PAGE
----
Cederet anseribus, nec amanti flumina cycno. Dr. Stukeley, in his Itinerary, speaking of Martinsal Hill, observes, “ I take the name of this hill to come from the merriments among the Northern people, called Martinalia, or drinking healths to the memory of St. Martin, practised by our Saxon and Danish ancestors. I doubt not but upon St. Martin's Day or Martinmass, all the young people in the neighbourhood assembled here: as they do now upon the adjacent St. Anne's Hill, upon St. Anne's Day.” A note adds, " St. Martin's Day, in the Norway clogs, is marked with a Goose ; for on that day they always feasted with a roasted Goose: they say, St. Martin, being elected to a bishoprick, hid himself, quasi noluit episcopari, but was discovered by that animal. We have transferred the ceremony to Michaelmas."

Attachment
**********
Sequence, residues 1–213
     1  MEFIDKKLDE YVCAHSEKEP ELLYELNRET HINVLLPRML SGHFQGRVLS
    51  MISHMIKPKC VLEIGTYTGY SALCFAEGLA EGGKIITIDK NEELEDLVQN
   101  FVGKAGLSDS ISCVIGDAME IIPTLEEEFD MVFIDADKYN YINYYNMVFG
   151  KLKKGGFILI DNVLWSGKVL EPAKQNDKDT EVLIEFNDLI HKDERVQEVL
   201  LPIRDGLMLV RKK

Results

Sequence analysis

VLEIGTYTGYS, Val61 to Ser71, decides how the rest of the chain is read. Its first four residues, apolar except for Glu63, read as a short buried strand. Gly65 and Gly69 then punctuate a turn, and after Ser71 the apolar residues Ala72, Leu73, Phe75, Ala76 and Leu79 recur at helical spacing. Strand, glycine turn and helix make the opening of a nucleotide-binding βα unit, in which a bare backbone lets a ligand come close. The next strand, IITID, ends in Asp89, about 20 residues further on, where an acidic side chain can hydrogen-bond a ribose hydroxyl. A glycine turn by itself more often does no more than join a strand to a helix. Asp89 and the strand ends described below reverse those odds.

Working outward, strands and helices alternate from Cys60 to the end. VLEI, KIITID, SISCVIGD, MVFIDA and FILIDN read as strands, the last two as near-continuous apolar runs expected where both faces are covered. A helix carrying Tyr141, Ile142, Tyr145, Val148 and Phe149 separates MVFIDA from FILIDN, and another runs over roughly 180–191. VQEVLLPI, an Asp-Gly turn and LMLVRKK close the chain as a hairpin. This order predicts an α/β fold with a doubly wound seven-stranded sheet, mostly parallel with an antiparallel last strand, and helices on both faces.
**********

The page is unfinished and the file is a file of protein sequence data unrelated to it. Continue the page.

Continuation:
The 11t0ixos were celebrated at Athens in November, as is well known, and corresponded to our Martinmas feasts. « Πιθοίγια mense Novembri celebrabantur apud Αthenienses. Plutarch, in 8 Sympos. 10. sicuti nostris temporibus in omni fere Europa undecima Novembris, quae D. Martino dicata

Mercur. var. lect. lib. i. cap. 15. Papatus. 127. Cit. Brand. The learned Moresin tells


Anser Isidi sacer erat. Alex. ab Alex. lib. iii. cap. 12. In papatu autem ea cura est cuidam Gallo omnis commendata. Buling. cap. 34. lib. de Orig. Erron. Cult. Deorum.” p. 12. Cit. Brand.

There are various proverbial lines written on St. Martin's Day: The following epigram is in a Collection, in quarto, intitled, “In Mensium Opera et Donaria Decii Ausonii Magni." We are indebted for it to Ellis' edition of Brand, p. 317:

November 11.
Carbaseo surgens post hunc indutus amictu

Mensis, ab antiquis sacra deamque colit.
A quo vix avidus sistro coinpescitur Anser